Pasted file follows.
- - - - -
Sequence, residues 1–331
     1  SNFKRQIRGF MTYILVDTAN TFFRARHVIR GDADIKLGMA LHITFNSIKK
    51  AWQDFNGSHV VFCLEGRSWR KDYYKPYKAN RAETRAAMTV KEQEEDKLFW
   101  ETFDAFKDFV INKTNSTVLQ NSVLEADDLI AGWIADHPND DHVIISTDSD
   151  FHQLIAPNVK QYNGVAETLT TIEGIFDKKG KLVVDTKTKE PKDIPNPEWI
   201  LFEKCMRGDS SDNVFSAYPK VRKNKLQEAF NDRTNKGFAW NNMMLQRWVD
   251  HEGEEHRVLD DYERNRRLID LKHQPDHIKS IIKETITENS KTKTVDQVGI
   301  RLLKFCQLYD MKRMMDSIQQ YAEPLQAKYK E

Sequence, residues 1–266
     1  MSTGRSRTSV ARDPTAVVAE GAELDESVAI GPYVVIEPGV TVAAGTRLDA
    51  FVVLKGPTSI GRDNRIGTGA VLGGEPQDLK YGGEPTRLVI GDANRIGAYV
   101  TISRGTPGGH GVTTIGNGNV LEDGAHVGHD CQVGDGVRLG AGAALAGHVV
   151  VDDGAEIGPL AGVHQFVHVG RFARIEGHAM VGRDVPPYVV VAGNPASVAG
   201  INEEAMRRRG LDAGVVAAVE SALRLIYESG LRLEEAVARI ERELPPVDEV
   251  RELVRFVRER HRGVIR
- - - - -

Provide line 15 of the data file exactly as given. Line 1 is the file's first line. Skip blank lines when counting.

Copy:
   251  RELVRFVRER HRGVIR